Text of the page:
In December 2004 the UK's Building Disaster Assessment Group (BDAG) of the Office of the Deputy Prime Minister (ODPM) published a series of critical research documents that clearly offered radical recommendations for change in current tactical approaches at structure fires, further suggesting that firefighter training should reflect these changes in the future.

An excellent review of the current situation in the way firefighters approach UNDER-VENTILATED FIRES was presented by Brian Hume of the Fire Statistics & Research Division where it was demonstrated that UK firefighters regularly face, in excess of, 50 Backdrafts and several hundred other related phenomena of rapid fire development every year. These remarkable statistics mean a Backdraft is, on average, a weekly event for the UK's 30,000 professional firefighters. Such data is hard to come by in the rest of the world. In the USA 37 firefighters reportedly died of flashover related phenomena between 1990 and 1999 although the NFPA now record data simply as rapid fire development and fail to differentiate between flashover, backdraft or other ignitions of the fire gases.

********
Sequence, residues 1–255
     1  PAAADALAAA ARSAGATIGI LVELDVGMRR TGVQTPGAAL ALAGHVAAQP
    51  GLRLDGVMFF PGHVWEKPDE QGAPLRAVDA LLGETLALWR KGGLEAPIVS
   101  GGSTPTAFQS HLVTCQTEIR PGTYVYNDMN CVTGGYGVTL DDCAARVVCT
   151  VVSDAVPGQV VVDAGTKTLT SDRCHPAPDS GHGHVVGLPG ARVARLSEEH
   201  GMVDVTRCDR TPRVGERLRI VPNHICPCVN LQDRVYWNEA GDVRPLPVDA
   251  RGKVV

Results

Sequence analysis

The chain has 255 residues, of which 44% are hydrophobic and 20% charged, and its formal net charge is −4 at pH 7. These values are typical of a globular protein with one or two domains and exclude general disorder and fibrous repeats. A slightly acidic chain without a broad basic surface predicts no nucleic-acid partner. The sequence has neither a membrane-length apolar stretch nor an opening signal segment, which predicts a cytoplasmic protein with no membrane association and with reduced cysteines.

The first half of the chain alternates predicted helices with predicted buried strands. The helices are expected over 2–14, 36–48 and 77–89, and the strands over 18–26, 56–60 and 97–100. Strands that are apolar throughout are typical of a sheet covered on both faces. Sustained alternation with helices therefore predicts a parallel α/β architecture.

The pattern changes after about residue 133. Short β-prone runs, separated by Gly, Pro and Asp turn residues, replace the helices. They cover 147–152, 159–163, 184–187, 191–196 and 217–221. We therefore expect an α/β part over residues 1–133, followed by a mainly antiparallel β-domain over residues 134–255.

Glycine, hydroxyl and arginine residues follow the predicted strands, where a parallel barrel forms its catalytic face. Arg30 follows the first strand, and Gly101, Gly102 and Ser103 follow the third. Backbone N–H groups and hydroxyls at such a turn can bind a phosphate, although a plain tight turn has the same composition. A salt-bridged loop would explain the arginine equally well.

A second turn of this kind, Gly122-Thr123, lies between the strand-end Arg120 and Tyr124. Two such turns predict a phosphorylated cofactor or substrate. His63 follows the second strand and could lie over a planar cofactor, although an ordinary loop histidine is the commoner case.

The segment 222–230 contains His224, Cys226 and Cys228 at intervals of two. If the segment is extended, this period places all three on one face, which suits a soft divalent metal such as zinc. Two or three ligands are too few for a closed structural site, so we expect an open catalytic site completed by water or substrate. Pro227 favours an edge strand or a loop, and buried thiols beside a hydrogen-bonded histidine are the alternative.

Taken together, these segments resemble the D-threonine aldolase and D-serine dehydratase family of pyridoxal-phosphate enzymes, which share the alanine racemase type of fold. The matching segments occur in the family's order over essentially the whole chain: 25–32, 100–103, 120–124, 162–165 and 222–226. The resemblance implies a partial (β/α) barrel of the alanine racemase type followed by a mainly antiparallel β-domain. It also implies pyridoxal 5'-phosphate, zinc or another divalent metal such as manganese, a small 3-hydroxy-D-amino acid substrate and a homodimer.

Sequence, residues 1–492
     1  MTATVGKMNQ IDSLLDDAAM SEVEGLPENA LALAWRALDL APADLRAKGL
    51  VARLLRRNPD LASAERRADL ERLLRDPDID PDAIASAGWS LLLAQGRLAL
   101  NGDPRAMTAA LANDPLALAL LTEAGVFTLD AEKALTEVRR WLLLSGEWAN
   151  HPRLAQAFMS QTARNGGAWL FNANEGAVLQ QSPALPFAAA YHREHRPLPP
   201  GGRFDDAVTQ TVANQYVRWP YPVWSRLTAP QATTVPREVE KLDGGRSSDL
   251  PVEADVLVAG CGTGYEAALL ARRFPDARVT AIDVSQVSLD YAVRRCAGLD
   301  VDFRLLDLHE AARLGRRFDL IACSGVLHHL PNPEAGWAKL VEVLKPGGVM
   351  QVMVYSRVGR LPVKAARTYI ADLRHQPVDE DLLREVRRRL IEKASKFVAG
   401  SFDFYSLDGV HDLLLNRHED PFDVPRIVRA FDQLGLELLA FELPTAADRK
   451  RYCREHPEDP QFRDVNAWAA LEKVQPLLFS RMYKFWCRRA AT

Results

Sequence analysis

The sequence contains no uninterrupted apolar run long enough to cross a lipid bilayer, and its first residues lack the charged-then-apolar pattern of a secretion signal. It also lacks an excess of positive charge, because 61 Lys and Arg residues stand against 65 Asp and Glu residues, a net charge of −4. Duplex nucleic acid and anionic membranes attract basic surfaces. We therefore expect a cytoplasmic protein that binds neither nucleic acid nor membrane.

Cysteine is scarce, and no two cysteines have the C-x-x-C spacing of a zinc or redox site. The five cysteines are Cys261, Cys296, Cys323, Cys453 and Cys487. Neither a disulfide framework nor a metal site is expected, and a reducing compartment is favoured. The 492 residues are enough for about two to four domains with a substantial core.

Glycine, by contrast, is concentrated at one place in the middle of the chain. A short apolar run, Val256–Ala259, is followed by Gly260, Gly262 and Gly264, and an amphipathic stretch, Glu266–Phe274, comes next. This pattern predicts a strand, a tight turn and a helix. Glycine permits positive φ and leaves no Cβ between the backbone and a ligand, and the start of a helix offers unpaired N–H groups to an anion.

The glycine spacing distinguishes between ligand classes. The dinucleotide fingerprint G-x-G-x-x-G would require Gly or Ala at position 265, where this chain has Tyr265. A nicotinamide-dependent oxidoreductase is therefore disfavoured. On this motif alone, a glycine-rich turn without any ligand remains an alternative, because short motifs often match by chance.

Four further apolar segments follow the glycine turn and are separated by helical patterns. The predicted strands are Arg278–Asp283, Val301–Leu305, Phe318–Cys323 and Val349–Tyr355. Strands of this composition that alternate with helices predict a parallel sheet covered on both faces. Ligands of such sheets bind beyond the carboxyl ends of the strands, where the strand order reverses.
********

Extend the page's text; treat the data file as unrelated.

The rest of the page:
The report concluded that further research, including a four year European funded research project into under-ventilated fires - FIRENET - was well underway (2002-06) and therefore any recommendations in tactical approaches and firefighter training should await the outcome of such research. It was also suggested that changes to some building codes may well serve to enhance firefighter safety, particularly in basement areas, in respect of fire loading, sprinklers and smoke ventilation systems.

The way firefighters approach fires on the upper levels of high-rise buildings was the topic of ODPM research covered so well by Simon Hunt and Guy Roberts in their report dealing with ASPECTS OF HIGH-RISE FIREFIGHTING. Their research demonstrated some most valid points I had initially raised in FOG ATTACK in 1991 and questioned the performance capability of rising mains (standpipes) inline with the excessive physiological demands placed on firefighters who are expected to tackle fires in tall buildings. Their work was detailed in the physiological research supported by the OPL REPORT and the hydraulic assessments provided in the BRE REPORT.

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